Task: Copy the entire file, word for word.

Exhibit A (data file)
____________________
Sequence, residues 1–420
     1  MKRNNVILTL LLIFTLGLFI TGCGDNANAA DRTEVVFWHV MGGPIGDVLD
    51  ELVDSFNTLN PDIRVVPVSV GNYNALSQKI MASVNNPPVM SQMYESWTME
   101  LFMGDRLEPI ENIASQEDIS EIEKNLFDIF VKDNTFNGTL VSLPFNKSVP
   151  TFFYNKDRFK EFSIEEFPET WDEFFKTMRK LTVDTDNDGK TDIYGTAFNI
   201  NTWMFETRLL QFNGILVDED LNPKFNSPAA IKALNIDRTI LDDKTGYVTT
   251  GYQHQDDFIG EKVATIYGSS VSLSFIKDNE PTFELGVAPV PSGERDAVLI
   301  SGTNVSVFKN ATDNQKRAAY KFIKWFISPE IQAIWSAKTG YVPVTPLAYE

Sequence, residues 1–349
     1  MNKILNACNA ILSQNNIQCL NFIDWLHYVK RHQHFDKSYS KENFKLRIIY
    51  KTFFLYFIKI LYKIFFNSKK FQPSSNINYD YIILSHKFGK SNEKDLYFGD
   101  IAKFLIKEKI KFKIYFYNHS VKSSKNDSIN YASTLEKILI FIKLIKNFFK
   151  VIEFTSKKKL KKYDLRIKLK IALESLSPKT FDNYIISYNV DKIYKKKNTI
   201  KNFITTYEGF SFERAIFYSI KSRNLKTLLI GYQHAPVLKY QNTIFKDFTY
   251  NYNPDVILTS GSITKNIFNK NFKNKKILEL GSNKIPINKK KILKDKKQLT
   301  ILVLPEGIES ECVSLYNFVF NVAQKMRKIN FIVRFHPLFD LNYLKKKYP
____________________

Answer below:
Sequence, residues 1–420
     1  MKRNNVILTL LLIFTLGLFI TGCGDNANAA DRTEVVFWHV MGGPIGDVLD
    51  ELVDSFNTLN PDIRVVPVSV GNYNALSQKI MASVNNPPVM SQMYESWTME
   101  LFMGDRLEPI ENIASQEDIS EIEKNLFDIF VKDNTFNGTL VSLPFNKSVP
   151  TFFYNKDRFK EFSIEEFPET WDEFFKTMRK LTVDTDNDGK TDIYGTAFNI
   201  NTWMFETRLL QFNGILVDED LNPKFNSPAA IKALNIDRTI LDDKTGYVTT
   251  GYQHQDDFIG EKVATIYGSS VSLSFIKDNE PTFELGVAPV PSGERDAVLI
   301  SGTNVSVFKN ATDNQKRAAY KFIKWFISPE IQAIWSAKTG YVPVTPLAYE

Sequence, residues 1–349
     1  MNKILNACNA ILSQNNIQCL NFIDWLHYVK RHQHFDKSYS KENFKLRIIY
    51  KTFFLYFIKI LYKIFFNSKK FQPSSNINYD YIILSHKFGK SNEKDLYFGD
   101  IAKFLIKEKI KFKIYFYNHS VKSSKNDSIN YASTLEKILI FIKLIKNFFK
   151  VIEFTSKKKL KKYDLRIKLK IALESLSPKT FDNYIISYNV DKIYKKKNTI
   201  KNFITTYEGF SFERAIFYSI KSRNLKTLLI GYQHAPVLKY QNTIFKDFTY
   251  NYNPDVILTS GSITKNIFNK NFKNKKILEL GSNKIPINKK KILKDKKQLT
   301  ILVLPEGIES ECVSLYNFVF NVAQKMRKIN FIVRFHPLFD LNYLKKKYP